Date of Conferral
Doctor of Nursing Practice (DNP)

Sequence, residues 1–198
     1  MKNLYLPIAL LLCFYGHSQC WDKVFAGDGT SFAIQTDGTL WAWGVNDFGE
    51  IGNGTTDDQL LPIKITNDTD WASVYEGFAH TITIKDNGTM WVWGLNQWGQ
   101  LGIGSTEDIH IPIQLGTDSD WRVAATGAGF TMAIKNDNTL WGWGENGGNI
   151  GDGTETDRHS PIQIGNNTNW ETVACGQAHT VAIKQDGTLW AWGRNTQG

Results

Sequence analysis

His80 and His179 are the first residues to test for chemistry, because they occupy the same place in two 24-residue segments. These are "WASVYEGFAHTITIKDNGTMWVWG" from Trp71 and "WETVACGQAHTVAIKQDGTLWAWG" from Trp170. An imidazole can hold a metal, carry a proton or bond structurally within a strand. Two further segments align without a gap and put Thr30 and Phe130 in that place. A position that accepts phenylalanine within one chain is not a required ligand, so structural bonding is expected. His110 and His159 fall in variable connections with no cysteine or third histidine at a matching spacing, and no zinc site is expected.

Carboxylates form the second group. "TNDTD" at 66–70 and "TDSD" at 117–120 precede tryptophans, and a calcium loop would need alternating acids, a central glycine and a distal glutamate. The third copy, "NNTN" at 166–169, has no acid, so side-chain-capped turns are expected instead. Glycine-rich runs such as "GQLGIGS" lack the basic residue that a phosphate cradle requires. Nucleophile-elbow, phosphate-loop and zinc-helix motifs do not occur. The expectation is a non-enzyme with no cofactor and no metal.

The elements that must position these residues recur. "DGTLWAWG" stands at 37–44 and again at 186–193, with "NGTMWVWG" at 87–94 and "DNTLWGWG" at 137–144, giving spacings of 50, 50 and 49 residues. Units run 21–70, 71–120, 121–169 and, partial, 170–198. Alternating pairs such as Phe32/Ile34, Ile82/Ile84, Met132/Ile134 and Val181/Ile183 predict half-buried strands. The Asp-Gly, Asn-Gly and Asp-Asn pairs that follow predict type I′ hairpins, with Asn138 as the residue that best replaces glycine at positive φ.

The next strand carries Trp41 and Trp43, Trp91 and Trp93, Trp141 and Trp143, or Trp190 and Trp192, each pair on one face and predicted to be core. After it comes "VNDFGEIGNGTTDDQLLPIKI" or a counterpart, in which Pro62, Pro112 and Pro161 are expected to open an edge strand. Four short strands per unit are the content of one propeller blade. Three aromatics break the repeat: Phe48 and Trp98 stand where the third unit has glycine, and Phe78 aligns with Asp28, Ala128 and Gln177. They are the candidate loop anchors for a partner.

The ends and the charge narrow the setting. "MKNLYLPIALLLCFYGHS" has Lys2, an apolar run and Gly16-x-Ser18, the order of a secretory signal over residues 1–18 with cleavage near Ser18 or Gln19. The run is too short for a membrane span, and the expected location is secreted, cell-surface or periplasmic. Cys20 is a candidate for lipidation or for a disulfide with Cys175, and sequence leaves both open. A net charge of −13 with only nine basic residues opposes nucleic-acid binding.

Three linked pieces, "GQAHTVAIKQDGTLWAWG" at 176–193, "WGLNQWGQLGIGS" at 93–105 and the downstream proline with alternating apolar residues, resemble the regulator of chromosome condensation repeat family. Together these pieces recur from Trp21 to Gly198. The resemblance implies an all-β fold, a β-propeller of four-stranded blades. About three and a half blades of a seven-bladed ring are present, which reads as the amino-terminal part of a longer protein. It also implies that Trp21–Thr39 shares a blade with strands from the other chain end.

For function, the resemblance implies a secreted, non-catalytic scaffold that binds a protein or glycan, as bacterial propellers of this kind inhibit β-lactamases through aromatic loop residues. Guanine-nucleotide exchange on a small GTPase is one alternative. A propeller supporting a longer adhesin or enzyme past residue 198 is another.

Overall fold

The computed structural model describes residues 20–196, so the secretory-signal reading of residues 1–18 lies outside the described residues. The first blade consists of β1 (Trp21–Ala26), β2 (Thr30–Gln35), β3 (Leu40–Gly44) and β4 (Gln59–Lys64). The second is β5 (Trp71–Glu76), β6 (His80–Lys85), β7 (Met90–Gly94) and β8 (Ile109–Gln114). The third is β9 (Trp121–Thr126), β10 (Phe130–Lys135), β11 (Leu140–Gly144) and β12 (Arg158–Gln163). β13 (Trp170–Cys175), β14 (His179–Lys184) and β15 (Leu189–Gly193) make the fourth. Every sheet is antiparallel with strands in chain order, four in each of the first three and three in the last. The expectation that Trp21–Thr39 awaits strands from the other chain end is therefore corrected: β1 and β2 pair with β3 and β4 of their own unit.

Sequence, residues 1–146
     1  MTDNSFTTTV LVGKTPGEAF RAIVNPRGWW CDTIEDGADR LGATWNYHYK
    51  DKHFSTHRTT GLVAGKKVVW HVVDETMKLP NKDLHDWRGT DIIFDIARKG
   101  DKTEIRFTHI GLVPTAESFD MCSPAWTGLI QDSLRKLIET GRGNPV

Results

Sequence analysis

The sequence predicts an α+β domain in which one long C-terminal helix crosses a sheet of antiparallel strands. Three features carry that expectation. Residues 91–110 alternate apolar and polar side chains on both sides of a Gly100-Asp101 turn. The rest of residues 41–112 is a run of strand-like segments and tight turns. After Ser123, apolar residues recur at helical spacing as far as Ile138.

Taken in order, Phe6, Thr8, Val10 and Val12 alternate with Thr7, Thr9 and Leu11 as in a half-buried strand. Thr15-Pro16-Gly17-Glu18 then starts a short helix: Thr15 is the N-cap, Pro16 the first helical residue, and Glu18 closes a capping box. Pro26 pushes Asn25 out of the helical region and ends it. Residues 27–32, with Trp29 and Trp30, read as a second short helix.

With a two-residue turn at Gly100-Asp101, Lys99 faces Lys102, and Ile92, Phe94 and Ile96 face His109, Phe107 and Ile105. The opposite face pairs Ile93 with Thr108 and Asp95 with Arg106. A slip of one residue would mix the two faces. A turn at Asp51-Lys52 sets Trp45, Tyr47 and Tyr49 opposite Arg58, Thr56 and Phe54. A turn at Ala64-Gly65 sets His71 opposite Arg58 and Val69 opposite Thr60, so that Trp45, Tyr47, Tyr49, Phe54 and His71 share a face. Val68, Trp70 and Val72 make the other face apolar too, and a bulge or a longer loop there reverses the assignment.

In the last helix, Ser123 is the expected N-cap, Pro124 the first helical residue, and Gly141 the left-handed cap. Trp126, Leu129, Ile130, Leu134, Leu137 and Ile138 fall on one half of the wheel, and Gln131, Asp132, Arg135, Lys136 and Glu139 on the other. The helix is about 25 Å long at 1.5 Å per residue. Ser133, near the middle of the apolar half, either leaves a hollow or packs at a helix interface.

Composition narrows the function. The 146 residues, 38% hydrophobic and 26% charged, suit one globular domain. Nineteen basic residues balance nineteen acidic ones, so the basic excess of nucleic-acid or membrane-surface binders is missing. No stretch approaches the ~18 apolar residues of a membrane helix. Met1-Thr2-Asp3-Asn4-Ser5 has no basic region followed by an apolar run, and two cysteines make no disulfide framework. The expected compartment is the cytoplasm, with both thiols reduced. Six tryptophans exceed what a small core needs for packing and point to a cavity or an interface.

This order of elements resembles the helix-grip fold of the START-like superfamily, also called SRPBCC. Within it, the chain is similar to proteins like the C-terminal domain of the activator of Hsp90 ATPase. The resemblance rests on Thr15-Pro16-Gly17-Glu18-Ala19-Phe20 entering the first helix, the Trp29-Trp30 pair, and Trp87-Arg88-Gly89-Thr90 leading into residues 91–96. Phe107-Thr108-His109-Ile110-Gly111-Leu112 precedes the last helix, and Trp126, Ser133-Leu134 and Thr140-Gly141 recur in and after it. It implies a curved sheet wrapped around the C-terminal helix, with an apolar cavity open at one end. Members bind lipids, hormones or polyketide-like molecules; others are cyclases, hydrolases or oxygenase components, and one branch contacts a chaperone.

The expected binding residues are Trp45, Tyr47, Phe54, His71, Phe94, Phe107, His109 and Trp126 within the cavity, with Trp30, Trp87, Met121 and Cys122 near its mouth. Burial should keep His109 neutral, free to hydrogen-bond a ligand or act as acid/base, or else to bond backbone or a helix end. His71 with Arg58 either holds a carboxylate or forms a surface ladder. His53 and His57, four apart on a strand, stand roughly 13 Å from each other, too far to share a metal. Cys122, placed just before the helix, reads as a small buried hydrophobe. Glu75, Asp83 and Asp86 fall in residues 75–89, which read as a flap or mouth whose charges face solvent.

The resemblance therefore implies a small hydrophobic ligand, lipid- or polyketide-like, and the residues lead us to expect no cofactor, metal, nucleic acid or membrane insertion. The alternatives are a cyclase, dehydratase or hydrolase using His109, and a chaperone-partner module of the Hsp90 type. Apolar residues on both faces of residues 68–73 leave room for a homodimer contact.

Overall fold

Compassion fatigue is a secondary stress reaction that results from providing care to those undergoing traumatic life events. Frequent exposure to dying patients with complex medical concerns has been identified as a contributing factor to compassion fatigue and resultant turnover among hospice nurses. The purpose of this project was to assess whether the provision of education to hospice nurses regarding compassion fatigue resulted in a demonstrable improvement in their levels of compassion fatigue. Watson's theory of human caring and Roy's adaptation model provided the theoretical foundation for this project. The practice-focused question for this project asked whether a reduction in compassion fatigue among hospice nurses would result after providing them with educational material focused on compassion fatigue. Twenty-three hospice nurse participants were administered Stamm's Professional Quality of Life Scale to measure their compassion fatigue levels before and after being presented with an educational booklet. Scores for this project were compared using a before-and-after quality improvement design and percent difference to measure the impact of the educational offering. Results demonstrated an 8.6% reduction in compassion fatigue among the hospice nurse participants, indicating that educational interventions support a positive effect in reducing compassion fatigue. Positive social change might result from this project by improving nurses' awareness of the need for self-care that contributes to resiliency and prevention of compassion fatigue.